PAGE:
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2090 Do Splenectomized Immune Thrombocytopenia (ITP) Patients Have Increased Risks for Platelet Decreases Following COVID-19 Vaccination?Clinically Relevant Abstract

Program: Oral and Poster Abstracts
Session: 311. Disorders of Platelet Number or Function: Clinical and Epidemiological: Poster II
Hematology Disease Topics & Pathways:
Diversity, Equity, Inclusion, and Accessibility (DEI/DEIA) , Adverse Events
Sunday, December 12, 2021, 6:00 PM-8:00 PM

Jennifer MacWhirter - DiRaimo1*, Caroline Kruse1*, James B Bussel, MD2 and Alexandra Kruse1,3*

1Platelet Disorder Support Association, Cleveland, OH
2Weill Cornell Medicine, New York, NY
3Tulane University School of Medicine, New Orleans, LA

BACKGROUND AND AIMS

Fear of receiving protective vaccinations against the COVID-19 virus is high among patients with immune thrombocytopenia (ITP), an autoimmune bleeding disorder, due to uncertainty around effects on platelet count (PC) reactivity. Decreases in PC have been previously reported, including decreases of >100,000/µL including a need for rescue treatment in a small fraction of patients. For ITP patients, a further reduction in PC could trigger bleeding symptoms that require hospitalization and additional treatments. Here, we report on differences in PC changes between not-splenectomized (NS) and (Spl) splenectomized adult ITP patients to explore if Spl ITP patients have a greater risk for PC decreases following COVID-19 vaccination.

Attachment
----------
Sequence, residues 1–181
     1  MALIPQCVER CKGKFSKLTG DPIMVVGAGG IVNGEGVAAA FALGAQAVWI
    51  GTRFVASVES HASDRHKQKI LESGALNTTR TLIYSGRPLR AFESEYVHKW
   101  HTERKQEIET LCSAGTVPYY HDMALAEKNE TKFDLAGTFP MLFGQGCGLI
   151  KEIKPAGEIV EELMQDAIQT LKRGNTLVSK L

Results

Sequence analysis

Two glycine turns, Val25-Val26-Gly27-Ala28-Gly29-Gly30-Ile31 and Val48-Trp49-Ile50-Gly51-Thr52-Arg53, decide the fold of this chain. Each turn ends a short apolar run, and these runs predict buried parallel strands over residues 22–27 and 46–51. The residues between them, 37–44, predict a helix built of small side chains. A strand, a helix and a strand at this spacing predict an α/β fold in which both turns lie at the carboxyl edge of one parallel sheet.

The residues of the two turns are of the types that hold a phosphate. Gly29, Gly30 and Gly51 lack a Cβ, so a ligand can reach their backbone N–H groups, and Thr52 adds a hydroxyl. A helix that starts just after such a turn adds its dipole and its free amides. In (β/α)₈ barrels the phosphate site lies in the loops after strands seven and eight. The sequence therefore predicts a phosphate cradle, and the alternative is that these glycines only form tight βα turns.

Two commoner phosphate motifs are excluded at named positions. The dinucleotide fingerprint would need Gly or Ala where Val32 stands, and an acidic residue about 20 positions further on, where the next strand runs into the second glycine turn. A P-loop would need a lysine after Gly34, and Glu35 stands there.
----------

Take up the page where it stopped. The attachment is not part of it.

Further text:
Methods

Data were collected using the ITP COVID-19 web-based survey that is part of the Platelet Disorder Support Association’s ITP Natural History Study Patient Registry. As of June 2021, 241 adults with ITP had received at least one vaccine dose, a post vaccine PC, and had disclosed their splenectomy status. Comparisons were made between Spl and NS groups focusing on quantitative differences in reported PC changes post-vaccination. Data was analyzed using descriptive statistics, chi-square analysis, and Fisher exact tests.

Results

Following Dose#1 (D1):

For the Spl group (n=59), 2 (4%) experienced a PC increase from baseline, 38 (64%) reported their count remained unchanged, and 19 (32%) experienced a decrease. Within the NS group (n=182), 35 (19%) experienced an increased PC, for 89 (49%) the count remained unchanged, and 58 (32%) had a decrease. PC differences between the Spl and NS groups following D1 were significant (p = .018) using a Fisher exact test.

Regarding large decreases in PC, 13 Spl patients (22%) experienced a decrease >50,000/µL and 6 (10%) a decrease >100,000/µL. Within the NS group, 15 (8%) experienced a PC decrease >50,000/µL and 5 (3%) a decrease >100,000/µL. Differences in large PC changes following D1 between both groups were significant (X2 = 8.254 ; p =.004).

Following Dose#2 (D2):

For the Spl group (n=34), comparing their post-vaccination count to their typical baseline count, 1 (3%) experienced an increased PC, 26 (76%) reported their PC remained unchanged, and 7 (21%) experienced a decreased PC. Within the NS group (n=103) comparing their post-vaccination count to their typical baseline count, 17 (17%) experienced an increased PC, 56 (54%) reported their PC remained unchanged, and 30 (29%) experienced a decreased PC. These differences were not statistically significant.